“There have been multiple hospital massacres, a flour massacre and now a tent massacre. When is the world going to do the right thing? How is this allowed to happen?”

I speak with protestors. At first, they are guarded, suspicious even. They politely ask me not to take photos of their faces. We continue talking and they tell me of their distrust and suspicion of the police. They recount stories of unprovoked brutality, excessive use of force and nonsensical restrictions.

“Hamburg is better than other cities. Berlin is worse.”

“Sometimes they isolate one person [protestor] and surround them. Maybe ten or fifteen police for one person who has not done anything, not caused any trouble.” 

Another elaborates: “We are angry, but we protest peacefully.”

I feel the anger. I am speaking with young adults, who are smart, who can fluently converse in three or sometimes four languages, who can effortlessly traverse cultures and have a moral code that is applied universally, not selectively. To them, what’s happening in Ghazzah is unacceptable, as is their government’s collusion with Israel in committing genocide. Their assessment is piercingly straightforward and at odds with Germany’s contorted national psyche.  

This is a generation of Germans whose family histories and cultures extend beyond Germany, beyond Europe, and those ties heighten their alarm for Palestinian suffering. And for that they are bizarrely singled out.

In listening to them I sense a vulnerability. They are raising their voices, using their bodies to critique an immoral government policy that is in equal measure driven by guilt towards the oppressor and discrimination towards the oppressed. By being on the streets they are a mirror for the nation to look at, and the reflection is disturbing. Here is a generation who practise care and concern for all, but they live in a country that remains politely exclusionary and discretely inequitable. In defending the basic right for Palestinians to live, to just stay alive, this vanguard realises their own rights for justice and equality are not givens but need to be continually claimed and asserted. The power of this group, the palpable energy of this evening is comradeship, and for that they are targeted by the state and its apparatus in ways other German citizens are not.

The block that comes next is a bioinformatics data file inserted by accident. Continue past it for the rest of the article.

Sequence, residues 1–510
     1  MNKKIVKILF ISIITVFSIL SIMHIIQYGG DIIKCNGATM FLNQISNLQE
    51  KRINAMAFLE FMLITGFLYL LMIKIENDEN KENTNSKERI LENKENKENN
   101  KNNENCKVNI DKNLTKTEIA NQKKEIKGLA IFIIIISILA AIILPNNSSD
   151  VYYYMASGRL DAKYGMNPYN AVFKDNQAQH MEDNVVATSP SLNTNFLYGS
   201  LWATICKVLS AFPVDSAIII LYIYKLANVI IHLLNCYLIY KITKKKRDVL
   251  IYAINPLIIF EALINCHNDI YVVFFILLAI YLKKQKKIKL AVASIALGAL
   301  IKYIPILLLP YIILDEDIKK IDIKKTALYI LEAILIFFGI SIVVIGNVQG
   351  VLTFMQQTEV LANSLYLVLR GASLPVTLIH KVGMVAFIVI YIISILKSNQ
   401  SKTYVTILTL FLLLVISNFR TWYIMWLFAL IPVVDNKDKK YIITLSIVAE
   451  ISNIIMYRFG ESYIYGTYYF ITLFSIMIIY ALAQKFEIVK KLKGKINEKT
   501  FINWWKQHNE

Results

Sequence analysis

Silent Onlookers

After much discussion and re-shuffling of police lines, there is agreement. The crowd will be allowed to march the two miles to the park opposite Dammtor station. It will be escorted all the way, down a corridor manned by police. Any deviation will come at a high cost.

Just after 8pm the march moves forward. The man with the flag first, then a van from which a woman with a microphone shouts: “End the occupation.” The crowd cheer and move forward. We reach the end of Mönckebergstraße and turn right. Onlookers stare. None wish to speak with me. On a skinny trunk of a small tree someone has placed a lone sticker: Free Palestine. Stop the genocide. It is perfectly straight.

The speaker system is now playing Bigsam’s If Only Once. It’s an Arab song with biting lyrics: 

My Gaza, I am with you in spirit
And even if the world betrays you, it’s paradise
Your sea doesn’t hurt us, oh soul of souls
We are hurt by ourselves
We fall if you fall
And we will not fall, as long as
We remain
Like a youth, stubborn as a torrent of rage

©2024 Sul Nowroz

Police regularly push the crowd, narrowing the corridor. It’s hard to tell if they are being overly cautious or antagonistic. Either way, it’s unpleasant and reminds us all we are being tolerated. Onlookers appear bewildered by the sounds and sights of a group they struggle to identify with. To them this is just a spectacle. The politics of collective humanity is absent, and we are simply the ‘other.’    

All we asked for was the freedom to live
But all we got in return was death and displacement